Above all, the Green Revolution has contributed to climate change in all stages of production, processing, and distribution, which are now in the hands of a few MNCs who focus on profit rather than equality. In a country like India, where there is a huge population, it is a serious threat to food sovereignty if the food system goes into the hands of a few. A day may come where food becomes a weapon to control this democratic country!

The Green Revolution was never needed. What we have always needed is an Evergreen Revolution through Agroecology.

in FAO at the Agroecology meeting
At the FAO meeting, a lot was debated on agroecology as an alternative. The word “Agroecology” was defined, analyzed, and debated from many aspects. As a farmer, I felt that agroecology is the same system that traditional farmers adopted over centuries. Even today the majority of the smallholding farmers in developing countries where agriculture is providing the majority of the livelihoods are on the agroecological method of farming, which is under threat from the so-called advanced method of farming. Agroecology is a knowledge and skill set from experiences that are transferred from generations to generation. Now this knowledge is getting replaced by machines (for example climbing a coconut tree is getting replaced by machines, ploughing is replaced by tractors). Biodiversity played a fundamental role in ecosystem services, which is now threatened by mono cropping. The traditional agroecological system was the whole food basket for the family with very less dependency of purchasing food crops from the market. The diversity in crops gave food sufficiency.  Now the cash-oriented commercial crop is making farmers grow very few types of crops and purchase more from the market.

Kitchen garden at the farm and natural coconut cultivation
Soil management is one of the main concepts of agroecology. A review of development projects in 57 low-income countries found that more efficient use of water, reduced use of pesticides and improvement in soil health had led to average crop yield increase of 79%. In an agroforestery system with less capital, agroecology has kept farmers out of debt. Agroecology reduces the cost of production and negative impacts on environment. On the whole, with local market and self-sufficiency, agroecology was a model of agriculture that had not put the whole rural community to hunger and poverty. Farmers were and are leading a dignified life with all confidence and respect by this agroecological method of farming. What ever the definition may be given to agroecology as it is a "science" "sustainable," "model", "need of the day " (which was all discussed in FAO symposium) the ultimate truth is that only agroecology can keep the human being and all the other beings on earth healthy along with the health of the Mother Earth.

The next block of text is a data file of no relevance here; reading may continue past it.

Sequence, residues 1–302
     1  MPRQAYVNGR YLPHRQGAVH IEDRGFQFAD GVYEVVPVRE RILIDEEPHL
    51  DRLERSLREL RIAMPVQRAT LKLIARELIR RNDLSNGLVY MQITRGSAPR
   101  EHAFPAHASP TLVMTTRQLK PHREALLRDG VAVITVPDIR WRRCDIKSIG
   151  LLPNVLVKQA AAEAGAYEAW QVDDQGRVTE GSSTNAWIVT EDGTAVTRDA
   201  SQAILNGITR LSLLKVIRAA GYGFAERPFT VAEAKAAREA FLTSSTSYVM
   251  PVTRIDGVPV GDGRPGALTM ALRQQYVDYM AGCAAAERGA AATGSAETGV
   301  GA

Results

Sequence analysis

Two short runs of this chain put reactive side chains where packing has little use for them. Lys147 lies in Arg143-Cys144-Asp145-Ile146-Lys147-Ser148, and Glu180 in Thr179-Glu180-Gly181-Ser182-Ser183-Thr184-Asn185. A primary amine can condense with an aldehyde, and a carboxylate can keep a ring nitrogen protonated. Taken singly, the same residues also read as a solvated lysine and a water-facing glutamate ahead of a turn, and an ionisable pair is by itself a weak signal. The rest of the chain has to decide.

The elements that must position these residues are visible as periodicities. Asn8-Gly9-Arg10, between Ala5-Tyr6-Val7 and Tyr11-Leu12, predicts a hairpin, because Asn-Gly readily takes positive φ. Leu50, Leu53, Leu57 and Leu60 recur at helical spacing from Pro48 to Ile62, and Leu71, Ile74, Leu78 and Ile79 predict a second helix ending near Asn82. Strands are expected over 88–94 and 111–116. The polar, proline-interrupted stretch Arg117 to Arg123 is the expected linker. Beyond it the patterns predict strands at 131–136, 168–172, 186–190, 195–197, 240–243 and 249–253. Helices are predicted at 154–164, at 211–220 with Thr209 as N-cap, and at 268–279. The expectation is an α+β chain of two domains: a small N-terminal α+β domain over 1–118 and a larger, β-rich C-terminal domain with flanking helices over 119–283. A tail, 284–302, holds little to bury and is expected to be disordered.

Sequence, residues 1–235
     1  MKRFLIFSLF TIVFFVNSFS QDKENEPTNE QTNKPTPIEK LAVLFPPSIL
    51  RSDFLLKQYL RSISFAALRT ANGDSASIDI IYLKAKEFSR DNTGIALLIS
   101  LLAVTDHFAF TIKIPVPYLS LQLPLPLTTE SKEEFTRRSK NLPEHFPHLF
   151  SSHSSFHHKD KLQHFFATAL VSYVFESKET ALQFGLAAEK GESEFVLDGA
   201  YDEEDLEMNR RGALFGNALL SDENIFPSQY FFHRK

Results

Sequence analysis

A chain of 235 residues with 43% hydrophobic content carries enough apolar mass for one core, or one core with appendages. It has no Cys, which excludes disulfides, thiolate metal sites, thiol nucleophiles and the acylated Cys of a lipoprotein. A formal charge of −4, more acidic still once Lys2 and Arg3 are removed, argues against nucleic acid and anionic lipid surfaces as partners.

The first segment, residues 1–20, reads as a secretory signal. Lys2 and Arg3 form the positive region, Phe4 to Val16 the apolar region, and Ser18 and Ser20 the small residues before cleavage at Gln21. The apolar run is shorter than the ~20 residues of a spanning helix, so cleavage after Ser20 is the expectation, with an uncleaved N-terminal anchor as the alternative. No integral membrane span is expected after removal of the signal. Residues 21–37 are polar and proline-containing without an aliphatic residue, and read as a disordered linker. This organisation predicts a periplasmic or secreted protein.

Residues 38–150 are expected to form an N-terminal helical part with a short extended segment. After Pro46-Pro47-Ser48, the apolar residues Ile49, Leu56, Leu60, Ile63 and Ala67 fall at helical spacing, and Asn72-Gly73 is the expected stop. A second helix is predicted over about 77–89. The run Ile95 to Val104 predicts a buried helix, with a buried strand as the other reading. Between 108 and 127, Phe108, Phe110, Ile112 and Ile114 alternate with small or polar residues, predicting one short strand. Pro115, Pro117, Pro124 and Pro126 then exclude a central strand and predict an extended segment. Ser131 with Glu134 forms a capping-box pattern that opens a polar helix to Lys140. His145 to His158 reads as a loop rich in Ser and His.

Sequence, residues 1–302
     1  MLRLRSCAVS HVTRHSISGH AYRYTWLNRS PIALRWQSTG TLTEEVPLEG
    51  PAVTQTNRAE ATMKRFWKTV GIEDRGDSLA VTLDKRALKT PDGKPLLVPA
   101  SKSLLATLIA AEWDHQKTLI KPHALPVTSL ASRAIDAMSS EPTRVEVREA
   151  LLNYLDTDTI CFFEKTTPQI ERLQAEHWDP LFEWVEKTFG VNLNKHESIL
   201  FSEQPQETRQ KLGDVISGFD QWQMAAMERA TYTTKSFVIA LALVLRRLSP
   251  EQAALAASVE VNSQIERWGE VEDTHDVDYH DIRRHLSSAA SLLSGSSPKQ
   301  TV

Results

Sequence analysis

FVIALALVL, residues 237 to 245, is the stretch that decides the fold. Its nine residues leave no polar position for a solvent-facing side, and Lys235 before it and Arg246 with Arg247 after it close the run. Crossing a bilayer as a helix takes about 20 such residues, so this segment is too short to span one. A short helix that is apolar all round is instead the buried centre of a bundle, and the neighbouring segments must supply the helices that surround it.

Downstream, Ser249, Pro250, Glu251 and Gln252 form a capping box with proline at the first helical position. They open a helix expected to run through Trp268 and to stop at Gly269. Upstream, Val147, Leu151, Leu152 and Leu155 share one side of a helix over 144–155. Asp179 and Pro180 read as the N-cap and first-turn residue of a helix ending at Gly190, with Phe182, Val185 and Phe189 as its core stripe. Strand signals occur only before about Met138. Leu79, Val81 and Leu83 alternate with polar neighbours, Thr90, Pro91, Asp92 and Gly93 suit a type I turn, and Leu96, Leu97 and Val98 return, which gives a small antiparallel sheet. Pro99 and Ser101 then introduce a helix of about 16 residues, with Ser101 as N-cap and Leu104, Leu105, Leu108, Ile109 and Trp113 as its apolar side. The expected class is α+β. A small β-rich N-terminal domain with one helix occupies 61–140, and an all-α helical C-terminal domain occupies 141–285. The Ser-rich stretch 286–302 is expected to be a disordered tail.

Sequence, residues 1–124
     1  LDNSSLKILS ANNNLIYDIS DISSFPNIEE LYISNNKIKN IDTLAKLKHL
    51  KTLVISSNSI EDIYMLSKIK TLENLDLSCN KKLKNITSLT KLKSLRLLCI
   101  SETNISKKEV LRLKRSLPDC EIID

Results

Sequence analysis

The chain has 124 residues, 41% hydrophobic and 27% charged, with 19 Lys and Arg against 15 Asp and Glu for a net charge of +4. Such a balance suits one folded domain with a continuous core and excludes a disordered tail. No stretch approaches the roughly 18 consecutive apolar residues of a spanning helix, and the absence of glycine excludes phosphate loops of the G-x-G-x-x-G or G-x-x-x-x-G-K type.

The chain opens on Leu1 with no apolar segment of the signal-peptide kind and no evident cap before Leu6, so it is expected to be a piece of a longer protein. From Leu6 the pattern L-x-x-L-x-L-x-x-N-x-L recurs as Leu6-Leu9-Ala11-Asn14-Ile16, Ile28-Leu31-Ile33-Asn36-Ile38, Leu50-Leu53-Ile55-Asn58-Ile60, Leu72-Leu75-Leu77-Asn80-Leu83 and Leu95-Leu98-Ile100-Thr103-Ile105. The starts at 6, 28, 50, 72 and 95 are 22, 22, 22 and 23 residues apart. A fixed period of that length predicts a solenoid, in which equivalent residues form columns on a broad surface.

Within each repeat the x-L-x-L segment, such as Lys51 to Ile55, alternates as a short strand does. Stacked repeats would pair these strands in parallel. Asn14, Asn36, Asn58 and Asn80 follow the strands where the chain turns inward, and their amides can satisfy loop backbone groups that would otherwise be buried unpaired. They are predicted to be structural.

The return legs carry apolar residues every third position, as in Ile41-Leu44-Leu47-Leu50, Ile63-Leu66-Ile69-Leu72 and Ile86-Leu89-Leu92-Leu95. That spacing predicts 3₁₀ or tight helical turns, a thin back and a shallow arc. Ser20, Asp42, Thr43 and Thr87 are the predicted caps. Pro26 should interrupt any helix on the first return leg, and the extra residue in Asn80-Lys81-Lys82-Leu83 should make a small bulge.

In our farm
But in order to support this pro-farmer policies are key. Ecological farming must continue traditional knowledge with modern technology for which the policy makers must give balancing preferences to farmers adopting agroecology. Over the past century, up to 75% of the crop plant genetic diversity has been lost and a third of today’s diversity could disappear by 2050. Strengthening the use of diversity in plant breeding must be given importance and preference in policies, and polices must encourage the agroecological producer's organization's linkages to markets and value addition to products.

Government actions and measures are urgently needed to bring agroecology to the mainstream and to spread the knowledge of science of agroecology from farmers to farmers through organizations! One by one if we change our mindsets to agroecology we will change the world, and feed it too.

Local variety of cow and biofuel system

[1] Empowering Farmers to Reduce Pesticide Risks, FAO Regional IPM/Pesticide Risk Reduction Programme in Asia, FAO-RAP Bangkok, November 2013
[2] Van Ittersum et al, 2013; Abstracts for the International Food Symposium on Agroecology for Food Security and Nutrition, Scientific Knowledge Session, 18 September 2014
[3] Save and Grow